Nightmare Boyzzz

Published on February 17th, 2014

nboyzpicPurehoney Magazine presentzzz
Nightmare Boyzzz
Beach Day
New Coke

TUESDAY, FEBRUARY 25 at Propaganda Lake Worth
18+, 9pm | RSVP

Power-pop? SCUM-POP!
Get ready for a proper ass whoopin’ courtesy of Huntsville, AL’s NIGHTMARE BOYZZZ! These four crusty Buzzcocks / (early) Queers worshipping punks have assembled 11 killer tracks self-destructive swill for what will surely be heralded as the most classic record of it’s kind since the legendary “Guitar Romatic” LP from the gone, but not forgotten, Exploding Hearts. This “Bad Patterns” LP / CD features incredible axe shreddage and thunderous kit-pound throughout. From the opening anthem “Problem Child,” to every other god damn self-loathing track on this burner, NIGHTMARE BOYZZZ convulse with supersonic beer drenched grime and more hooks than a barbed wire love affair. And if that ain’t enough for ya, every inch of this creepy release has been covered in outrageous weirdo art by Sean Äaberg of the incredible PORK MAGAZINE.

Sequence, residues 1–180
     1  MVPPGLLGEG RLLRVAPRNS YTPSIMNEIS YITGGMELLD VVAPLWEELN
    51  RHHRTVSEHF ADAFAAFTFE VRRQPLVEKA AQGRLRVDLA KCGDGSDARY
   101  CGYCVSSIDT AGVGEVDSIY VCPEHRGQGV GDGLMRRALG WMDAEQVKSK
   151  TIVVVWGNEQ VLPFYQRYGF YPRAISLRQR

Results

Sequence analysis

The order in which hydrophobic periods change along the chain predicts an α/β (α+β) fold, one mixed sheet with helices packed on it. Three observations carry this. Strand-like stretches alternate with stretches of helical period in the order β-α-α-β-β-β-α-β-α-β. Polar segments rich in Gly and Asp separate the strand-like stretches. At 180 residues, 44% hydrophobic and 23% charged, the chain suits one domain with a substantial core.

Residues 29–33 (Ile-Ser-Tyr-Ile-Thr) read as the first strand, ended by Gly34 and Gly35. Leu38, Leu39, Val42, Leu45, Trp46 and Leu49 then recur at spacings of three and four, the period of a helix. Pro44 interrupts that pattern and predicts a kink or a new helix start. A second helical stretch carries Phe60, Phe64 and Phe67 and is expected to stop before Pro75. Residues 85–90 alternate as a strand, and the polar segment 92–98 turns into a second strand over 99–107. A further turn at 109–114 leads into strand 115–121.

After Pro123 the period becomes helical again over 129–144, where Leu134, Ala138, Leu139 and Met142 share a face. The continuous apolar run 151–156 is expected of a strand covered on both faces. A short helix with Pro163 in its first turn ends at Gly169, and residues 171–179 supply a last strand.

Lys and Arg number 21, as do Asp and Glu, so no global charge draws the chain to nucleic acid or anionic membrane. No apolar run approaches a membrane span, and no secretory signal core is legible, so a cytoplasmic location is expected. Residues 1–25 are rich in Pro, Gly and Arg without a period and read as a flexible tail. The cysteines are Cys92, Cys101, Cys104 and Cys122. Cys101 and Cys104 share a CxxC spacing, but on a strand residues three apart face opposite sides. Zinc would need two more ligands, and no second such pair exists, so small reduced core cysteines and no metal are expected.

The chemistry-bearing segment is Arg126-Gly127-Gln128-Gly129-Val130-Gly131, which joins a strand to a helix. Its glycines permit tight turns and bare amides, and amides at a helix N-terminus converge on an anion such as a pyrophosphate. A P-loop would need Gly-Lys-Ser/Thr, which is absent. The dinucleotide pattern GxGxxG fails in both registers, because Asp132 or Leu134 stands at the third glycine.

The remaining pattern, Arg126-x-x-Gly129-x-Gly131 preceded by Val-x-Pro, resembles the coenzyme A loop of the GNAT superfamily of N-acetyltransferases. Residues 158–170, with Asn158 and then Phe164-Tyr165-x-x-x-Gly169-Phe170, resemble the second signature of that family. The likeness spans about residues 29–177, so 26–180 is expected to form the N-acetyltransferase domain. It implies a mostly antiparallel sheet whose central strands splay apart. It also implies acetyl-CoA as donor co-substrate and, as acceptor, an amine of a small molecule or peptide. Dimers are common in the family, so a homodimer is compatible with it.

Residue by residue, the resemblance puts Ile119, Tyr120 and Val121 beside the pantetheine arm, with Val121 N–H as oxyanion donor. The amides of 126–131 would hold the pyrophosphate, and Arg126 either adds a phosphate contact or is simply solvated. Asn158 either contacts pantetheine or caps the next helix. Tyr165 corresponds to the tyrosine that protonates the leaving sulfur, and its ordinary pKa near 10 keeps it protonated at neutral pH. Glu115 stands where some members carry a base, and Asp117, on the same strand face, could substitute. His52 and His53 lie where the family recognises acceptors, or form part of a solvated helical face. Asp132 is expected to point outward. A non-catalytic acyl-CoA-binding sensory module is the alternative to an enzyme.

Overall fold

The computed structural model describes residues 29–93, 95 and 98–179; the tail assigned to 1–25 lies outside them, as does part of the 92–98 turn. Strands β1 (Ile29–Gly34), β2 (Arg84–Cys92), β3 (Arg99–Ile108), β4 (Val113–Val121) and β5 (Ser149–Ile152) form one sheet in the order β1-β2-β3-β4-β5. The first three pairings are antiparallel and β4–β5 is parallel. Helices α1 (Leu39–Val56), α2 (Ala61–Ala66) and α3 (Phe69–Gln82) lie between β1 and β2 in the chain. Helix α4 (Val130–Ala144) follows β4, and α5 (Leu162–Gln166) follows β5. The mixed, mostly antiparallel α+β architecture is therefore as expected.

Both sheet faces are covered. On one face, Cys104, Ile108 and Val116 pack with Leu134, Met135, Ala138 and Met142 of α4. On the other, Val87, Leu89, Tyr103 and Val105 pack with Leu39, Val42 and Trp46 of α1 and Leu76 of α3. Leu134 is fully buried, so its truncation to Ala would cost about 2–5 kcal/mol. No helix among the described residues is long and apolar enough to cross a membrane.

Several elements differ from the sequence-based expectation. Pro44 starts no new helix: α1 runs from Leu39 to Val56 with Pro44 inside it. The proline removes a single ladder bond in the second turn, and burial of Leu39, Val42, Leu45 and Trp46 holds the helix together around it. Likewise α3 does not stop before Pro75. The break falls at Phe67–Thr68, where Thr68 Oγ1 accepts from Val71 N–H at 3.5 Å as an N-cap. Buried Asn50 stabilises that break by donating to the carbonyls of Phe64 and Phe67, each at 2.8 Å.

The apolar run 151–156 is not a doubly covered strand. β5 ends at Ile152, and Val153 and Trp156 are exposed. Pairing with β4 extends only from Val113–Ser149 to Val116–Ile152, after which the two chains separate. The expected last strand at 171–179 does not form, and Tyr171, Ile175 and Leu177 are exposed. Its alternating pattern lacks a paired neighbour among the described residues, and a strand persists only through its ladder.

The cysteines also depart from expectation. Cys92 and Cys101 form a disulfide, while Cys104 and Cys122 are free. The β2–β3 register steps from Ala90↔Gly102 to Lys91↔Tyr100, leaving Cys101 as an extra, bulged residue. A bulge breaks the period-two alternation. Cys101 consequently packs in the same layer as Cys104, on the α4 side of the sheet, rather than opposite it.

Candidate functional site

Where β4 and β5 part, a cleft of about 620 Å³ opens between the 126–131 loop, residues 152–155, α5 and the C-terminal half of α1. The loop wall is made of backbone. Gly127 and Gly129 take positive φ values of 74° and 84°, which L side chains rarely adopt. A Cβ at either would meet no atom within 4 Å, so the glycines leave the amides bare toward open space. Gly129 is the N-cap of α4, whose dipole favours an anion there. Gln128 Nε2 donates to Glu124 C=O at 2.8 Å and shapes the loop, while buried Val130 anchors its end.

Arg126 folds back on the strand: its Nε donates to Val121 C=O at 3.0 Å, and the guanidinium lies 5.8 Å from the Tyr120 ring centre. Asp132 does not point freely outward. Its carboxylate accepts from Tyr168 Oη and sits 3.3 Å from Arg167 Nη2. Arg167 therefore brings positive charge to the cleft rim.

nightmareboyzzzFIN600Nightmare Boyzzz’s ‘Bad Patterns’ is garage-punk perfection
One scary band name, some drugged-out cover art and song titles like “Bender,” “Valium,” “My Body Breaks Down” and “Puke My Life Up” – Bad Patterns, Nightmare Boyzzz’s debut full-length, sounds like gutter-punk, trash-metal or scuzz-rock at its filthiest, right? But that inaccurate first impression makes the insanely catchy hooks of this Alabama quintet all the more enjoyable. “Baby, It’s Alright” is classic three-chord thrash a la the Ramones, while “Don’t Wanna Feel Alright” hews closest to more recent street-punk gospel. Nightmare Boyzzz’s influences span the rock & roll ages, however, as evidenced by the nervy ’90s buzz of “Say What You Mean” and the strutting Cheap Trick-esque glam-pop of “You’re a Star.” Frontman Chris Jordan’s high-pitched vocals partially hide the intoxicated, world-gone-to-shit lyrical vibe of Bad Patterns – even bitter breakup ode “You Have No Friends” comes across as endlessly sunny. But nothing can take this 30-minute slab of lo-fi garage-punk perfection off of endless repeat. ~ Orlando Weekly

Art by Kyle Hess ART – KYLE SMILE

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